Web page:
'Your oratrix further shows to this honorable court that the only shadow or pretense of defense that said Joslin or said Lamb have to this suit is a certain fraudulent and corrupt judgment obtained by said Joslin against your oratrix in the superior court of the city of Denver on or about the seventh day of April, 1886. That said action was commenced in said court by your oratrix against the said defendant J Jay Joslin alone for damages for the breach of warranty in regard to the price and quality of said dry goods above mentioned, and was purely a technical legal action, as your oratrix is informed and believes, and not against the other defendants to this bill, and that said court had no jurisdiction to grant the relief sought in the suit. That when said action came on for trial, the whole matter of both law and fact was submitted to the judge of said court for trial, and no jury demanded by either party. That upon said trial your oratrix offered evidence to prove all of the facts substantially as alleged above in this bill in regard to the warranty of said goods, and that said Joslin could not successfully contradict or deny any of the substantial facts connected with said implied or expressed warranty as alleged above, but was compelled to admit under oath, that he had put up said goods himself from the old, faded, worthless goods of his said store in Denver, and had made out said false invoices, and had placed the prices on the same at the highest real price of said goods when the same were fresh and in fashion, and had secretly shipped said goods, after he had boxed up the same, to said public warehouse in the city of Denver, and had furnished said Lamb with said invoices and said goods to enable him to obtain your oratrix's property in the manner aforesaid; and, after said Joslin was compelled to admit, under oath, that the goods mentioned in said invoices were only worth 33 1/3 per cent. of the said invoice prices, and that he had intentionally made out said false and and fraudulent invoices, and put up and stored said goods in said public warehouse to accomplish the obtaining of the title to your oratrix's said large and valuable ranch and real estate, the same being situated, as aforesaid, only about six miles east of Denver, and well improved, and all under the Highline ditch, and that he had sold the same and realized $14,000 in money for it, in addition to the $6,000 incumbrances, and in all $20,000 cash, or its full equivalent; and, after your oratrix had introduced in evidence the above written memorandum prepared by Joslin's own attorney, and wholly in his interest, and in which it is confessed in writing, and was so confessed and stated at the time they obtained said deed from your oratrix, and to induce your oratrix to execute and deliver said deed, that your oratrix was to have $9,000 in money, and when it was agreed and understood by all that said dry goods were to be the same as money, and equivalent to $9,000 in money; and notwithstanding all of these admissions, confessions, and facts were fully presented to the judge of said court, and that Joslin admitted he had only delivered in all $3,000 worth of goods to your oratrix, instead of $9,000, and had wronged your oratrix, as above stated, out of $6,000,--that the judge of said court, to the utter astonishment of your oratrix and her attorneys, and all persons present, except said Joslin and his attorneys, cut off the whole argument of the attorneys in said case except a brief opening, and, in an afterthought, and frantic manner, more like a maniac than a cool, deliberate, and impartial judge, declared that, in his view of said case, the same was an afterthought, and that no warranty or cause of action was made out against Joslin for breach of warranty, either express or implied, and that he would find for the defendant; and that the only reason and pitiful excuse offered by the said judge was that if there had been anything wrong about said transaction, that Mrs. Newton, your oratrix, would have rushed immediately to a lawyer, and commenced a suit against said Lamb, who was shown to be wholly insolvent, or against said Lamb and his wife, to recover back said real estate, when it was shown by records and admitted that it was only eleven days from the day your oratrix deeded said property to Vira Lamb until she conveyed the same to Joslin, who was not then known in said transaction at all to your oratrix; and when it was admitted that your oratrix executed said deed late on a Saturday evening, and that said goods were not delivered to her until the first of the following week, and it was also shown in evidence that at that time your oratrix had a very sick child and a sick husband, and that during the very few days from the delivery of said goods until said Vira L. Lamb had conveyed said ranch to said Joslin, in pursuance of said conspiracy to defraud your oratrix out of the same, your oratrix only had time to make a hasty and imperfect examination of said goods, and take care of her sick family, and had no time to run to a lawyer to commence lawsuits against parties who were wholly insolvent and worthless, or to commence a suit to recover back her property when she supposed it had passed into the hands of a bona fide purchaser in good faith, and was lost to your oratrix forever.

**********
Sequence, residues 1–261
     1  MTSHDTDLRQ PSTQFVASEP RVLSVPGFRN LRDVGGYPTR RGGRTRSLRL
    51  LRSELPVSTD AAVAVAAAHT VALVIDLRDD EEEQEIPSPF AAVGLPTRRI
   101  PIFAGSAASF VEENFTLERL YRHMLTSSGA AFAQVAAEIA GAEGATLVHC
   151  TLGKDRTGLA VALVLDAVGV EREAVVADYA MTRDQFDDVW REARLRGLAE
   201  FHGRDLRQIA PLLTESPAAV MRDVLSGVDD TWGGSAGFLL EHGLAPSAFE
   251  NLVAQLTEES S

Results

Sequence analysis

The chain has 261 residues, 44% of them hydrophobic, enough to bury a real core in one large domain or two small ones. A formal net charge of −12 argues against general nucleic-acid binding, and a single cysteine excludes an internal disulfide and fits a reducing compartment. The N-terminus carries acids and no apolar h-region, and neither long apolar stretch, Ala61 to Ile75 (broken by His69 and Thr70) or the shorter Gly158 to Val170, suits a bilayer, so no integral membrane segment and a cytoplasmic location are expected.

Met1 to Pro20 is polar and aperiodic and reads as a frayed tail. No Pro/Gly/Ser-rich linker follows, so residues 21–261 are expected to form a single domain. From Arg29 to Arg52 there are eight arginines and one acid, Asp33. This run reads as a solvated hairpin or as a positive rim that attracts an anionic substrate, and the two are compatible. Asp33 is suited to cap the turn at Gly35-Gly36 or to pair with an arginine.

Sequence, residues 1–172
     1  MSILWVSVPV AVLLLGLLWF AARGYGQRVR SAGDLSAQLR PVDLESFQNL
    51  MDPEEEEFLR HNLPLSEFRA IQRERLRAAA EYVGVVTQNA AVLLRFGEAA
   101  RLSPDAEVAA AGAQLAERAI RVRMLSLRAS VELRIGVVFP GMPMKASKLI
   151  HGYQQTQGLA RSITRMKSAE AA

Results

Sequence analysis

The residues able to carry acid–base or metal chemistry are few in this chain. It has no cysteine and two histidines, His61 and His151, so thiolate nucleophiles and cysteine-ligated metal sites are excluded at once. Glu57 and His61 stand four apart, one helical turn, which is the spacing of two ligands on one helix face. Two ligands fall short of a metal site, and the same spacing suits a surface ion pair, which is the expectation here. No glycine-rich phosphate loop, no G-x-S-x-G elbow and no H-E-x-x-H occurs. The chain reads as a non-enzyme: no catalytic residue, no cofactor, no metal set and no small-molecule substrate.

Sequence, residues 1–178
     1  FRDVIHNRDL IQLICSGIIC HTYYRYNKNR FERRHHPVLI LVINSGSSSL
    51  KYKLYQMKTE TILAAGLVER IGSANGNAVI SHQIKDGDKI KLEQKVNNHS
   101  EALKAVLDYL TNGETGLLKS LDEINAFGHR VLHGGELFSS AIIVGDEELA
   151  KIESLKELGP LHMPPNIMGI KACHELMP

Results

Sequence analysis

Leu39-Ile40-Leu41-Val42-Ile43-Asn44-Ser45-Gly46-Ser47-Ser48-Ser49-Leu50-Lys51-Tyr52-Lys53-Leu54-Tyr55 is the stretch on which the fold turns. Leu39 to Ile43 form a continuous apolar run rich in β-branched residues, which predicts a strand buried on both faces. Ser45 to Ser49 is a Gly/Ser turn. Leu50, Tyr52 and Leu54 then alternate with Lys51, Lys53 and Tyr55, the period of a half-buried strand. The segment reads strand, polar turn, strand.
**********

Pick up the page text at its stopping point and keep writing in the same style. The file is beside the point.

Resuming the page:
'Your oratrix states, on information and belief, that the statutes of limitation of this state give her three years in which to commence a suit for relief against said fraud instead of eleven days, and six years in which to commence action